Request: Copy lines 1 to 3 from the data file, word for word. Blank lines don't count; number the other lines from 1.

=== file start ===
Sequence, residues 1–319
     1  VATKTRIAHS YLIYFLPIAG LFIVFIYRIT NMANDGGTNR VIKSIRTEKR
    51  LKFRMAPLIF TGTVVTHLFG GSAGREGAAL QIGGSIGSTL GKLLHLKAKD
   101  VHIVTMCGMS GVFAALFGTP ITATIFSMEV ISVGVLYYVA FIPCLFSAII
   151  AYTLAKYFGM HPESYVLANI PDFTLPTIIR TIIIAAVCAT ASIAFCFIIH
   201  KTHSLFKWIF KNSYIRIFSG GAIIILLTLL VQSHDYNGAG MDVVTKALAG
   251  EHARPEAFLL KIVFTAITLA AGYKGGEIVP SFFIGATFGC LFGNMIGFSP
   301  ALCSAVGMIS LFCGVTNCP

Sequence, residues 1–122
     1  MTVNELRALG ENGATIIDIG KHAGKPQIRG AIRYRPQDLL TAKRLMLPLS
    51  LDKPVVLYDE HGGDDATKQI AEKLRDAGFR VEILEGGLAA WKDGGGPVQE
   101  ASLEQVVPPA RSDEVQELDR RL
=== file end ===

Sequence, residues 1–319
     1  VATKTRIAHS YLIYFLPIAG LFIVFIYRIT NMANDGGTNR VIKSIRTEKR
    51  LKFRMAPLIF TGTVVTHLFG GSAGREGAAL QIGGSIGSTL GKLLHLKAKD